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Biology and ecology of the predatory mite Iphiseius degenerans (Berlese)(Acari: Phytoseiidae)

(2006)
Author
Promoter
L Tirry and P De Clercq
Organization
Abstract
Iphiseius degenerans (Berlese) is a predatory mite belonging to the family Phytoseiidae. Phytoseiid mites are economically important predators of phytophagous mites and insects in greenhouse crops. Mass reared phytoseiid mites are commercially available and used, amongst others, against spider mite and thrips infestations in greenhouse crops. Iphiseius degenerans is used commercially in Belgium for thrips control in greenhouse crops since 1994. A survey of the literature revealed that information on I. degenerans is relatively scarce. For instance, no records were found on life table parameters and functional responses when the predator was fed the western flower thrips Frankliniella occidentalis (Pergande). Also, there was no information found on the prey preference of the predatory mite. Nevertheless, these biological parameters are, among others, essential criteria for preintroductory evaluation of natural enemies for biological control in greenhouses. It can be concluded that, although I. degenerans has been used for years as a biological control agent, it is not clear how it interacts with its primary target, F. occidentalis. Laboratory studies were undertaken to elucidate interactions of I. degenerans with prey species the predator is likely to encounter in the crop. In the first experimental part of the study, population growth of I. degenerans was explored in relation to different food sources. The experiments conducted in this part revealed that the predatory mite is not able to complete development when offered thrips nymphs. Moreover, a high escape rate was observed when prey was considered suboptimal for development and reproduction. The predatory behaviour and prey preference were examined in the second experimental part. The predation rate of I. degenerans is generally low. Further, there is an absence of a strong preference for certain prey species. Based on the results of the laboratory experiments, it would be expected that I. degenerans is not a successful thrips predator. Nevertheless, I. degenerans has been used for many years in agricultural practice. Since the laboratory experiments carried out in the current study could not explain the control potential of this phytoseiid predator, further research may be warranted to fully understand its role in the regulation of arthropod pest populations.

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Citation

Please use this url to cite or link to this publication:

Chicago
Vantornhout, I. 2006. “Biology and Ecology of the Predatory Mite Iphiseius Degenerans (Berlese)(Acari: Phytoseiidae).”
APA
Vantornhout, I. (2006). Biology and ecology of the predatory mite Iphiseius degenerans (Berlese)(Acari: Phytoseiidae).
Vancouver
1.
Vantornhout I. Biology and ecology of the predatory mite Iphiseius degenerans (Berlese)(Acari: Phytoseiidae). 2006.
MLA
Vantornhout, I. “Biology and Ecology of the Predatory Mite Iphiseius Degenerans (Berlese)(Acari: Phytoseiidae).” 2006 : n. pag. Print.
@phdthesis{469942,
  abstract     = {Iphiseius degenerans (Berlese) is a predatory mite belonging to the family Phytoseiidae. Phytoseiid mites are economically important predators of phytophagous mites and insects in greenhouse crops. Mass reared phytoseiid mites are commercially available and used, amongst others, against spider mite and thrips infestations in greenhouse crops. Iphiseius degenerans is used commercially in Belgium for thrips control in greenhouse crops since 1994. A survey of the literature revealed that information on I. degenerans is relatively scarce. For instance, no records were found on life table parameters and functional responses when the predator was fed the western flower thrips Frankliniella occidentalis (Pergande). Also, there was no information found on the prey preference of the predatory mite. Nevertheless, these biological parameters are, among others, essential criteria for preintroductory evaluation of natural enemies for biological control in greenhouses. It can be concluded that, although I. degenerans has been used for years as a biological control agent, it is not clear how it interacts with its primary target, F. occidentalis. Laboratory studies were undertaken to elucidate interactions of I. degenerans with prey species the predator is likely to encounter in the crop. In the first experimental part of the study, population growth of I. degenerans was explored in relation to different food sources. The experiments conducted in this part revealed that the predatory mite is not able to complete development when offered thrips nymphs. Moreover, a high escape rate was observed when prey was considered suboptimal for development and reproduction. The predatory behaviour and prey preference were examined in the second experimental part. The predation rate of I. degenerans is generally low. Further, there is an absence of a strong preference for certain prey species. Based on the results of the laboratory experiments, it would be expected that I. degenerans is not a successful thrips predator. Nevertheless, I. degenerans has been used for many years in agricultural practice. Since the laboratory experiments carried out in the current study could not explain the control potential of this phytoseiid predator, further research may be warranted to fully understand its role in the regulation of arthropod pest populations.},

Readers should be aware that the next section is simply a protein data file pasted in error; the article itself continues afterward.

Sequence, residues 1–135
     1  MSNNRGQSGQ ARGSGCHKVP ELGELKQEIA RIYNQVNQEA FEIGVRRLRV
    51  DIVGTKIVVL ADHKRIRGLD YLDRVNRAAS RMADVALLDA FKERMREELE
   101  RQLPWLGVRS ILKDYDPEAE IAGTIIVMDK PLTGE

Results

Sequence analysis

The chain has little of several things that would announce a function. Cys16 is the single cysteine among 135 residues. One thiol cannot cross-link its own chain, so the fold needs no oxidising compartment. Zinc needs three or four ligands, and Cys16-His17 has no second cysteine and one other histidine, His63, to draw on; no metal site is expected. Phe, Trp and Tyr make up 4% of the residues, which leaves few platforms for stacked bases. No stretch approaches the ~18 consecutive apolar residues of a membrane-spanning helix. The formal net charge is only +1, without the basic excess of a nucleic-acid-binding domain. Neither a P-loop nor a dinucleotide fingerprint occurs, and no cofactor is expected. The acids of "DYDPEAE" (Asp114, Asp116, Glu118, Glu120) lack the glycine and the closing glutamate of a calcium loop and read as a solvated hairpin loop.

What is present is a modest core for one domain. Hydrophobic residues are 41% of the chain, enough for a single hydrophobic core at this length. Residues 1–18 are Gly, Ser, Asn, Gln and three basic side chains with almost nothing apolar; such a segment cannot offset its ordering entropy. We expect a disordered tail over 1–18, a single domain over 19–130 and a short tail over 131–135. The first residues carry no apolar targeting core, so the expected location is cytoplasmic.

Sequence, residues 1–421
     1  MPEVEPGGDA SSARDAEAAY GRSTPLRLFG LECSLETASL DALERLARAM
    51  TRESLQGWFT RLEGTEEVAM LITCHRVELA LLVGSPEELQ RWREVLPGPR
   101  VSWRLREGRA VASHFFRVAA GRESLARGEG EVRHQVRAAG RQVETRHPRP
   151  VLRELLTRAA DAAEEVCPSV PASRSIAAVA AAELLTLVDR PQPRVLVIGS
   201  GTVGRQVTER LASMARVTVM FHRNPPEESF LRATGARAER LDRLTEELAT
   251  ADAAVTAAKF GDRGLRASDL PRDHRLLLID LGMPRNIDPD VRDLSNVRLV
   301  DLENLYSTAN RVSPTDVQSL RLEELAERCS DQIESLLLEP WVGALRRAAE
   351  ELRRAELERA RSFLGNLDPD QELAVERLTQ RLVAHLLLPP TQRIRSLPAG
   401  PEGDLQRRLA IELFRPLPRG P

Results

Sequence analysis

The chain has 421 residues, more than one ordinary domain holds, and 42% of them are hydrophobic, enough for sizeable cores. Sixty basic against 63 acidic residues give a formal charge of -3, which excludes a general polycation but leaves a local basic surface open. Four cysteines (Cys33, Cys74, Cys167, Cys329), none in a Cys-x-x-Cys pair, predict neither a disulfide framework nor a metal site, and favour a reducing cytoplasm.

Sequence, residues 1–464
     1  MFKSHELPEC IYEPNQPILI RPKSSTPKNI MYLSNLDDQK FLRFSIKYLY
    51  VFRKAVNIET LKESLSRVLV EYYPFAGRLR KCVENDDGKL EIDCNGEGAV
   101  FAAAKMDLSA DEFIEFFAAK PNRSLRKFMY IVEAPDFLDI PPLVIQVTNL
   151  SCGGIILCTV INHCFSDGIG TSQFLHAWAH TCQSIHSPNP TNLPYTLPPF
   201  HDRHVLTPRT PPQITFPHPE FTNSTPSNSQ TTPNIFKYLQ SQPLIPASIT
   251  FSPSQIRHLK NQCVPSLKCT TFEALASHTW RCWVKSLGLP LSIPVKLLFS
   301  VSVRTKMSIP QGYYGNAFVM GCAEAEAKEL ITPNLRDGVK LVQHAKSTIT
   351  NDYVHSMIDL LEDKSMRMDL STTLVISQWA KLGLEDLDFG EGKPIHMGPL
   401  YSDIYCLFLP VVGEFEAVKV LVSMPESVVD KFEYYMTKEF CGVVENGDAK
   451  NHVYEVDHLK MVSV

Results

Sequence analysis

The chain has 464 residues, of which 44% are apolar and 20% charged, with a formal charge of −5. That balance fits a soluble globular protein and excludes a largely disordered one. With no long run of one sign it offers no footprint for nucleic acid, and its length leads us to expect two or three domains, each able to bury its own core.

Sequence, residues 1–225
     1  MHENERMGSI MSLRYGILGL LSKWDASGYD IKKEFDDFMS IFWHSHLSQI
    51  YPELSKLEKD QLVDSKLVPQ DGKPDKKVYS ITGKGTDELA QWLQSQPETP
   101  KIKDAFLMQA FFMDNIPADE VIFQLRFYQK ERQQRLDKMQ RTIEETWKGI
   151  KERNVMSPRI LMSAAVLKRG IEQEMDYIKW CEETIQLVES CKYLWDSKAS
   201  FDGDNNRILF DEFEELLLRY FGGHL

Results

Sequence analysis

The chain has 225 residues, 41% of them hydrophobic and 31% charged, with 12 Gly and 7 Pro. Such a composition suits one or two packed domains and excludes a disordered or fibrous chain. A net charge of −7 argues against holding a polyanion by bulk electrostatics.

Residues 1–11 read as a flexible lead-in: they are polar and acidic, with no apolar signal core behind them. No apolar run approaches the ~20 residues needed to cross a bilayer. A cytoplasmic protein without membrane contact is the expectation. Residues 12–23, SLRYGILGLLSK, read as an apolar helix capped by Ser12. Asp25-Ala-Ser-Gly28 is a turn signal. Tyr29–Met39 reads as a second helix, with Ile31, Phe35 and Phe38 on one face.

author       = {Vantornhout, Isabelle},
  school       = {Ghent University},
  title        = {Biology and ecology of the predatory mite Iphiseius degenerans (Berlese)(Acari: Phytoseiidae)},
  url          = {http://dx.doi.org/1854/7360},
  year         = {2006},
}

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